Available from: Marija Pfeifer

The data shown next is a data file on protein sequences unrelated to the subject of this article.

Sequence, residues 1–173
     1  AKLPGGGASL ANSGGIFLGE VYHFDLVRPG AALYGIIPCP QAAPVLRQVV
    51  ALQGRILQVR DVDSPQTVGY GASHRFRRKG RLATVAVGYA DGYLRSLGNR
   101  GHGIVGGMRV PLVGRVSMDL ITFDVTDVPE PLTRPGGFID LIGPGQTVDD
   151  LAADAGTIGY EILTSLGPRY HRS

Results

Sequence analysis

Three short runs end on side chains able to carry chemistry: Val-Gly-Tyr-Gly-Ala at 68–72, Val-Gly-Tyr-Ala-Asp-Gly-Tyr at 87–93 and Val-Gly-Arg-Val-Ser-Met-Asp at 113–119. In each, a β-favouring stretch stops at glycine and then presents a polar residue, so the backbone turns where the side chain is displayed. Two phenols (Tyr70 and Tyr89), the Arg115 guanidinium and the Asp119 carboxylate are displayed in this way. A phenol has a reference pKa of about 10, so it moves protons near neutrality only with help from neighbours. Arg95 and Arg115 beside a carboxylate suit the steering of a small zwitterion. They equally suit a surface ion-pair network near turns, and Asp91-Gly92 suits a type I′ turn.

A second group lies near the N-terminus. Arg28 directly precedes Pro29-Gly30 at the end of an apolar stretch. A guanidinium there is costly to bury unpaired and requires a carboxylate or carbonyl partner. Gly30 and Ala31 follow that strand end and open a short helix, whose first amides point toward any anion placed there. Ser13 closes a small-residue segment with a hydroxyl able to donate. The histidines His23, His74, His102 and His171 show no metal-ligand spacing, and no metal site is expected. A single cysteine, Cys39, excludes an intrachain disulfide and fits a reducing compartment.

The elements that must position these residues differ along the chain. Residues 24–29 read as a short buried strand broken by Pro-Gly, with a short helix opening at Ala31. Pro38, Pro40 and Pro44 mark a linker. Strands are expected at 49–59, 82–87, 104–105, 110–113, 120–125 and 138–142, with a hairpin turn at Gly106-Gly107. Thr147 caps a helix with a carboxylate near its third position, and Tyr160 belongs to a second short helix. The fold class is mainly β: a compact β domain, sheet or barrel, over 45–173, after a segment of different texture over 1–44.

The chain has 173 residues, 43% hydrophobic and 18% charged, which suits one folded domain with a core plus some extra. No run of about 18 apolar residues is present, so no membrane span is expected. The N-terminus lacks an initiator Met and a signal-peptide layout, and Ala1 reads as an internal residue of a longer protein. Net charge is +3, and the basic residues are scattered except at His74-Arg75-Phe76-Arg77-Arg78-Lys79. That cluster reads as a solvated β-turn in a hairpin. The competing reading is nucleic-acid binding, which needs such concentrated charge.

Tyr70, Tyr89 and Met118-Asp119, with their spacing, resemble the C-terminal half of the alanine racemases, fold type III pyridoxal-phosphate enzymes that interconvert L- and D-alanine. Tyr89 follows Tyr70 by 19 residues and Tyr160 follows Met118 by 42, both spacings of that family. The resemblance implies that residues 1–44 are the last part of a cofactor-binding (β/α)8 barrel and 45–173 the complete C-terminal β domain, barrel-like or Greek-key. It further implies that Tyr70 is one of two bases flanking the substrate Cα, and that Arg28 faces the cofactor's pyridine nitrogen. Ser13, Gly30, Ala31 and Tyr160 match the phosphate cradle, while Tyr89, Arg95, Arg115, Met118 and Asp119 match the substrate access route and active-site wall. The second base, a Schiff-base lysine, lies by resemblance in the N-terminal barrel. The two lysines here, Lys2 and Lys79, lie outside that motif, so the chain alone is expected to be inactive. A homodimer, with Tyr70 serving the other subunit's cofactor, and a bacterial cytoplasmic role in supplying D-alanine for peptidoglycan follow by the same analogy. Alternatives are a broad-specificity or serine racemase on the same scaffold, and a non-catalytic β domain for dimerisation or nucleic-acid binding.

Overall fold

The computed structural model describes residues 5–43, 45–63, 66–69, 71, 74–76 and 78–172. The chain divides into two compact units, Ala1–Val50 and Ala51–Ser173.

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ABSTRACT: Polycystic ovary syndrome (PCOS) is the most common ovarian disorder associated with androgen excess in women, which justifies the growing interest of endocrinologists. Great efforts have been made in the last two decades to define the syndrome. The presence of three different definitions for the diagnosis of PCOS reflects the phenotypic heterogeneity of the syndrome. Major criteria are required for the diagnosis, which in turn identifies different phenotypes according to the combination of different criteria. In addition, the relevant impact of metabolic issues, specifically insulin resistance and obesity, on the pathogenesis of PCOS, and the susceptibility to develop earlier than expected glucose intolerance states, including type 2 diabetes, has supported the notion that these aspects be considered when defining the PCOS phenotype and planning potential therapeutic strategies in an affected subject. This paper offers a critical endocrine and European perspective on the debate on the definition of PCOS and summarizes all major aspects related to etiological factors, including early life events, potentially involved in the development of the disorder. Diagnostic tools of PCOS are also discussed, with emphasis on the laboratory evaluation of androgens and other potential biomarkers of ovarian and metabolic dysfunctions. We have also paid specific attention to the role of obesity, sleep disorders and neuropsychological aspects of PCOS and on the relevant pathogenetic aspects of cardiovascular risk factors. In addition, we have discussed how to target treatment choices based according to the phenotype and individual patient's needs. Finally, we have suggested potential areas of translational and clinical research for the future with specific emphasis on hormonal and metabolic aspects of PCOS.